The SMS Ad market is touted to be approx $11 Billion globally by 2011 and there were approx 3.5 trillion messages sent by users across the world in 2008. Obviously, these stats encourage many companies to extend services through SMS and cover that cost through Ads. Companies today offer services where you can send group messages, update your status, query for some information and so on. If you have been using SMS/texting for twitter or facebook, you should get what I am talking about. In most cases, these services are free to the end user, i.e. you just pay the standard text rate to your wireless carrier but not to the company whose service you are using (for example twitter/facebook). In the last few years, quite a few companies that launched SMS text based services created a business model where they could cover their SMS cost by inserting 20 – 40 character Ads with the text message. However, it looks like my conviction that this was a flawed model is coming true.
Just recently two startups had to change their business models. While Tatango started charging users for their SMS based group communication service, Tagga made a drastic shift in their strategy by converting themselves into an Ad agency. My guess is that even the now popular Twitter at some point must have also thought about making money by inserting Ads into their SMS messages. When we were working on Mobinett, we did a great deal of research on a viable business model for the company. And since SMS (text messaging) was one of key ways to interact with our platform, we had to figure out a way to make someone pay for those messages or get them for free unless you are sitting on a pile of VC money like facebook or twitter and can subsidize it. (FB and Twitter will never make money off SMS feature).
So why is the SMS Ad model not viable for startups and is there any money to be made from SMS Ad marketing at all?
Before you read any further, if you are not familiar with mobile terminology, you can refer the glossary on mBlox’s site as you come across those terms in my post.
First, lets look at why this model is not viable especially for companies that do not offer dedicated marketing services.
- Revenues don’t support costs. The 20 – 40 character advertisements that these companies include as part of their SMS messages are sourced from other SMS Ad companies such as 4info (which is analogous to Google providing ads through adsense). So if the SMS Ads are priced at $40/CPM (cost per thousand impressions), which turns out to be 4 cents a message, 4info will probably keep around 60% of it and share the rest with companies like Tatango and Tagga. This turns out to be 1.6 cents of revenue. On the other hand if you have a dedicated shortcode, and are paying for the services of a mobile aggregator like mBlox, Verisign or Motricity you spend about $36,000 annually in maintenance and service charges. Additionally you also incur a charge of 3 cents for MT (mobile terminated) SMS (goes down to 1.5 cents for high volume) and 1 cent for MO (mobile originated) SMS. So even if we assumed that we were working on a very high volume, which is about 5 million messages or more annually, we still make approx 0.1 cents a message in profit (just from messaging). But however, considering that there are other operational costs to cover, there is no way SMS advertising can support a company. Building your own Ad platform to eliminate the third-party Ad companies in the chain may help a bit but that will require very high messaging volumes and may lead to loss of focus on your core service.Even Twitter (although many access it through desktop clients than SMS) has been unable to support SMS (text capability) completely in all countries except India, US and Canada. In India, it works out for Twitter because the text messaging costs are way low and in the US, they have so much volume that they negotiated a flat rate instead of paying per message (costs don’t go up linearly with number of text messages). In most other countries Twitter supports only MO (mobile originated) messages i.e you sending them a message as opposed to them sending it since it costs less. So you don’t get notifications on mobile from Twitter.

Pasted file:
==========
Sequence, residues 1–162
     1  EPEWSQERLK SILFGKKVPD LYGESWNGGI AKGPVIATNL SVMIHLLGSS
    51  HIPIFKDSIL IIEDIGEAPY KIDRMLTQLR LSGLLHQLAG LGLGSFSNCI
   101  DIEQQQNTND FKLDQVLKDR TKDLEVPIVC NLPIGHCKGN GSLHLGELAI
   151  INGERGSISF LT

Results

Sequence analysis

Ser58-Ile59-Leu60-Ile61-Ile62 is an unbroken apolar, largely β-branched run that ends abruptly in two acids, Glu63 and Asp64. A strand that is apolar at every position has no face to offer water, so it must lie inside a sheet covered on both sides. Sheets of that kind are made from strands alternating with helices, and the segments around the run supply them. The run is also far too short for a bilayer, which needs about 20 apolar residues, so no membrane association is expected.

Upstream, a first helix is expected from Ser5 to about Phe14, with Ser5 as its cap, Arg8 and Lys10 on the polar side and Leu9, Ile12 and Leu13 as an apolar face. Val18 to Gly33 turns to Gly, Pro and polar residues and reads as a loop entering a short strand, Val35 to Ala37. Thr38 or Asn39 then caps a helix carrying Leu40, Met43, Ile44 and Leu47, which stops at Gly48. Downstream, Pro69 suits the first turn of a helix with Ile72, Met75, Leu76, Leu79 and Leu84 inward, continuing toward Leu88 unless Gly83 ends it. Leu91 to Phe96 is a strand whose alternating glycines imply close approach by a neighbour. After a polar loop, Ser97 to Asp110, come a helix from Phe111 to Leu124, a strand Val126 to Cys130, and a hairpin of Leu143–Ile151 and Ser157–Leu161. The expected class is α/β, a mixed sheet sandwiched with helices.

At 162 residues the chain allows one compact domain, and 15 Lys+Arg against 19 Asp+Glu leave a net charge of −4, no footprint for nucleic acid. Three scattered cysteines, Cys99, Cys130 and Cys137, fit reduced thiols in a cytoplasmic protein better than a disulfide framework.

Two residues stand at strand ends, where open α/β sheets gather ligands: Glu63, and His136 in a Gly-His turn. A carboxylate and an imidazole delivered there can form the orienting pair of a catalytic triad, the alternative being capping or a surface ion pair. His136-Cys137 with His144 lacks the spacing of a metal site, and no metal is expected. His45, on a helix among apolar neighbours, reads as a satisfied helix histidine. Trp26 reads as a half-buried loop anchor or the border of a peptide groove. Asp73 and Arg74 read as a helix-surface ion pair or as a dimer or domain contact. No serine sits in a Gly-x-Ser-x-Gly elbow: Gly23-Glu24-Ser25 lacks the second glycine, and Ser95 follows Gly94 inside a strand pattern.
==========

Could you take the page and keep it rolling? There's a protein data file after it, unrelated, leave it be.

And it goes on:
- Restricting the already shortened message further. The SMS with its 140 or 160 character limitation (based on handsets/carriers) already puts restrictions on how much data users can send. Now if we included an Ad into the message, we restrict the users further to about 110 characters. Its not something any user would prefer.
- Advertising is not context based. The advertising in these messages does not take advantage of the context to the fullest extent. Cell phones can offer more context than a laptop but this technology is not perfected yet especially because location information is hard to get from an SMS (unless you have hooks into carriers).
- Marketers prefer dedicated campaigns. Advertisers are not going to pay high CPMs for 20 characters. They would rather go in for a full-fledged campaign where they can use all the 160 characters and engage their customers more. On top of it not all the advertisers have joined the SMS bandwagon yet. Eventually as CPM prices go down, more will follow suit.
- Wireless Carriers will never reduce the SMS cost. They are in fact planning to raise prices. Verizon announced late last year that the SMS prices will go up but has not implemented it yet. So costs on this front are going up while revenues (CPMs) are coming down.
Bottom-line is although SMS is a good feature to have for your service, you will never make money on it by inserting Ads. Someone has to pay for it directly.
But what about the $11 Billion Ad market I mentioned above you ask and who is going to take a piece of that pie? I’ll talk about that in my next post.